The ABCs of Smart Antibiotic
By Janice Billingsley
(December 20, 2003 - HealthDayNews)
When most people get a prescription filled for antibiotics, the
last thing they're thinking about is how the medicine will get to
where it's supposed to work.
All they're thinking about is relief.
But the way an antibiotic is delivered is important, because it
can affect both the strength of the medicine as well as the risk
of side effects.
If your infection is on or near the surface of the skin, your doctor
will often prescribe a topical antibiotic, which means you apply
it directly to the infection. Conjunctivitis and vaginal yeast infections
are typical of such problems.
But most infections reside inside the body. So they require so-called
systemic antibiotics, which -- like pills or intravenous medicines
-- are taken internally and travel through the body to the infection
"There have been topical antibiotics for a long time, but
they have a limited number of uses," says Dr. David Calfee,
an epidemiologist at Mount Sinai Medical Center in New York City.
"The majority of infections require systemic antibiotics."
Still, topical antibiotics can be quite valuable, Calfee adds.
"Topical antibiotics have the advantage of delivering high
concentrations of medicine to a specific site," he says, while
systemic antibiotics have to be weaker to reduce the risk of side
effects to the whole body.
Another plus to topicals, says Calfee: Because they are targeted
against specific ailments, their use is less likely to lead to antibiotic
abuse or resistance.
Tuberculosis, gonorrhea, malaria and childhood ear infections are
just some of the health problems that have become increasingly resistant
to the antibiotics created to treat them. That's because bacteria
and other infection-causing germs are resilient and can develop
ways to survive drugs meant to destroy or weaken them, according
to the U.S. Food and Drug Administration.
Calfee says "topicals may reduce antibiotic resistance"
because many commonly used systemic antibiotics are designed to
fight a number of bacteria. And they're often prescribed without
knowing exactly which germ is causing the infection.
"They're used for superficial infections of the skin and ailments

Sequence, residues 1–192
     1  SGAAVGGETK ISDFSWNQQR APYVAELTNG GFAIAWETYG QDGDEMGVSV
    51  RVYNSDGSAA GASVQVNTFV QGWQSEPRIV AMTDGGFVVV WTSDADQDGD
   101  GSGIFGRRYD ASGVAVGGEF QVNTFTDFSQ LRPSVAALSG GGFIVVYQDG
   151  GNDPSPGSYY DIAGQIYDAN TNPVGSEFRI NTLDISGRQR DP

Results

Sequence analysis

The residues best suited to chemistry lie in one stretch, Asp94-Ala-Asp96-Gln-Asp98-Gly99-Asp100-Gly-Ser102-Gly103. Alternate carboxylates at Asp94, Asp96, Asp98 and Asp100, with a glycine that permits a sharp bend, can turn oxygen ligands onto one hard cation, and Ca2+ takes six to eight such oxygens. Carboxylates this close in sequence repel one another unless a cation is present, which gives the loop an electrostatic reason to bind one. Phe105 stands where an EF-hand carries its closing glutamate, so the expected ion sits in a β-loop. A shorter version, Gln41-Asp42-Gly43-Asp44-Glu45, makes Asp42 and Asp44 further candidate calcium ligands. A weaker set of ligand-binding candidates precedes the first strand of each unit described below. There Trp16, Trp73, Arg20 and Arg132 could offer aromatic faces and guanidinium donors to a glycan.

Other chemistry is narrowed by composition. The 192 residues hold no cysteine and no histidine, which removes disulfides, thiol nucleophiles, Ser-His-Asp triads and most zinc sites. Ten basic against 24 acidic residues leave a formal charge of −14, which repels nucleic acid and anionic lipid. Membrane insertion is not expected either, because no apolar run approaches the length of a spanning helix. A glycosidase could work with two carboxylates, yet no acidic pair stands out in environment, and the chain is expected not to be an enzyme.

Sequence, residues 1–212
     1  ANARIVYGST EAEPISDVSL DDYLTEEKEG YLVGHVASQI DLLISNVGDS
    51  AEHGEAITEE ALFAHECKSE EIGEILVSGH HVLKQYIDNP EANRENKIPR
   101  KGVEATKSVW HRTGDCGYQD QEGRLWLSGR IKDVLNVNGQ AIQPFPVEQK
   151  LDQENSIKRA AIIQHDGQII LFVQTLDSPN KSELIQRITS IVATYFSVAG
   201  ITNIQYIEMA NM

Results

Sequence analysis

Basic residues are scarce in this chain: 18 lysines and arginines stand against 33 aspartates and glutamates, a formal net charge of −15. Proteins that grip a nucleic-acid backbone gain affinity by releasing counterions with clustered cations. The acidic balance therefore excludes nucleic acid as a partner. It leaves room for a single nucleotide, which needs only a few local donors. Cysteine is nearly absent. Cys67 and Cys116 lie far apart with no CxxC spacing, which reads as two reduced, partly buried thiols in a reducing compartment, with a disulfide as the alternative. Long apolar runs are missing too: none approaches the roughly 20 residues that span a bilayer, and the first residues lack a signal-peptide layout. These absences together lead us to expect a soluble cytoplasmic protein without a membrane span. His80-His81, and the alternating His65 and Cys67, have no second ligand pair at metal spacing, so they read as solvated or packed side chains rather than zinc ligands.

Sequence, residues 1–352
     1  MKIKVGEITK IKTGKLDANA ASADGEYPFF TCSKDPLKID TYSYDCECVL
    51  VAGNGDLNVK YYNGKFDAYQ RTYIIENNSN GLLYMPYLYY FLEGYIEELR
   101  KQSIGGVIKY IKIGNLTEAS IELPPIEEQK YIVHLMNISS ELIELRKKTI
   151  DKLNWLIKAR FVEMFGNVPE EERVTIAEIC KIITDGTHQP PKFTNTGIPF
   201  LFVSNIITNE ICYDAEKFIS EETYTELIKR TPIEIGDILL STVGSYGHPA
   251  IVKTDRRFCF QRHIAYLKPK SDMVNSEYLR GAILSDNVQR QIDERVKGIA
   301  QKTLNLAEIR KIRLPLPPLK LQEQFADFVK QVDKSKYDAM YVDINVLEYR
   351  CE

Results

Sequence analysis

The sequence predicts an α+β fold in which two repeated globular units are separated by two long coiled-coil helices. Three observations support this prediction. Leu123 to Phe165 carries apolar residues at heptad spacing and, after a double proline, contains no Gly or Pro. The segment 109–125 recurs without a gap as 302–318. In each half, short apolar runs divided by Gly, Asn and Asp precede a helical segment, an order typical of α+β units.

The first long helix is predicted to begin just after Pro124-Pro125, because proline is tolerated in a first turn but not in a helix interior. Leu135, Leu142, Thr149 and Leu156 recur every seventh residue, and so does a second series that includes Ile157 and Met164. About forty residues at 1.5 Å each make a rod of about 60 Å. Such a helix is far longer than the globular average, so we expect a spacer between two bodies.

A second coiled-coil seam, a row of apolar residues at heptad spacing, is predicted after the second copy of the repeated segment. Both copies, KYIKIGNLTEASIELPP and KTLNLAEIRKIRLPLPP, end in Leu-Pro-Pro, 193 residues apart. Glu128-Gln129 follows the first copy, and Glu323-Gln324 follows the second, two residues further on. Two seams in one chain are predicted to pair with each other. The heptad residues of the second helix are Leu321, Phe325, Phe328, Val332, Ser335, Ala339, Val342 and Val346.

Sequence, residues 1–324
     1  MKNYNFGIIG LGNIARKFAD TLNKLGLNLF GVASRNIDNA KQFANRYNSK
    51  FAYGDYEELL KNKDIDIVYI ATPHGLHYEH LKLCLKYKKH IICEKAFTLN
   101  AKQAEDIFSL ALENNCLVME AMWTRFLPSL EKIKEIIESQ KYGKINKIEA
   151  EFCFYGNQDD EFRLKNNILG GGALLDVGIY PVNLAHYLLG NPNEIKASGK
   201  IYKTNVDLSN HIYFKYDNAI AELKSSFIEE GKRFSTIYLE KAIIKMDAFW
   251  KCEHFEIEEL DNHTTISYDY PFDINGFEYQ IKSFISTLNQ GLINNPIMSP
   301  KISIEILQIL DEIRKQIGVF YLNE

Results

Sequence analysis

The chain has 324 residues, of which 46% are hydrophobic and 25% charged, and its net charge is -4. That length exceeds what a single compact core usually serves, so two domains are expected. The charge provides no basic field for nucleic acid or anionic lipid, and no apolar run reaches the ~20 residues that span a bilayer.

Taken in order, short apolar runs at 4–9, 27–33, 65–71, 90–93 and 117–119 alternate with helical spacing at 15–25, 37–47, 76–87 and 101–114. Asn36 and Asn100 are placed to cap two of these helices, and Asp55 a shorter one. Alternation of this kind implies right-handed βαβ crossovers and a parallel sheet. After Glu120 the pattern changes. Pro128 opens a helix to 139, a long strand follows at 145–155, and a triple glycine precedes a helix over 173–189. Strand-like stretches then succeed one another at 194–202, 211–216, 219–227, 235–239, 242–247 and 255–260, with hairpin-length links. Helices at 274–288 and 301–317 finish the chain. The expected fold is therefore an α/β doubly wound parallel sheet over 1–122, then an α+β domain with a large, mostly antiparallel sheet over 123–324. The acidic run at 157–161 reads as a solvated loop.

like conjunctivitis and vaginal yeast infections," Calfee says.
"You have to be very comfortable that the infection is very
But doctors are finding new ways to deliver topical antibiotics
to more-difficult-to-reach areas of the body.
For instance, some physicians are using topically delivered antibiotics
in the deep nasal cavity for the treatment of severe sinusitis,
an inflammation of the sinuses, says Dr. Winston Vaughan, director
of Stanford University's Sinus Center.
In this method, a patient uses a machine called a nebulizer to
deliver an aerosolized version of medications -- including antibiotics
-- by breathing through the nose to target the lining of the sinuses.
The treatment takes about 20 minutes and is done two or three times
daily for three weeks, he says.
"Its use is very limited: for people who have failed with
oral or intravenous antibiotics," Vaughan says. But, he adds,
this system of delivery allows the drugs to get directly to the
Vaughan, who has published research on medications used with the
delivery system, says the technique has offered relief to some long-term
sinusitis sufferers who failed to find relief from oral or intravenous
Dr. Christopher Shaari, an otolaryngologist at Hackensack University
Medical Center in New Jersey, has also had success with this topical
delivery of antibiotics to treat severe sinusitis.
"I reserve this for those with chronic sinusitis who have not
responded to oral antibiotics," says Shaari, who has no connection
with the manufacturer.
"This delivery has fewer systemic side effects and will not
worsen underlying illnesses, like inflammatory bowel disease,"
he adds. "Also, you can administer a stronger dosage, and it's
relatively easy to do. There are no catheters or other IV [intravenous]
Still, Shaari says, this is an exceptional use of topical medicines.
"This is a unique mechanism for treating the mucosal cavity,"
he says, "but only when you've exhausted the oral treatments."
Topical antibiotics aren't for everyone or every ailment. But the
next time you're battling a bug, ask your doctor if they might be
an option for you.
SOURCES: David Calfee, M.D., assistant professor of medicine, hospital
epidemiologist, Mount Sinai Medical Center, New York City; Christopher
Shaari, M.D., otolaryngologist, Hackensack University Medical Center,
Hackensack, N.J.; Winston Vaughan, M.D. director, Stanford University
Sinus Center, Palo Alto, Calif.
(republished with permission of HealthDayNews)
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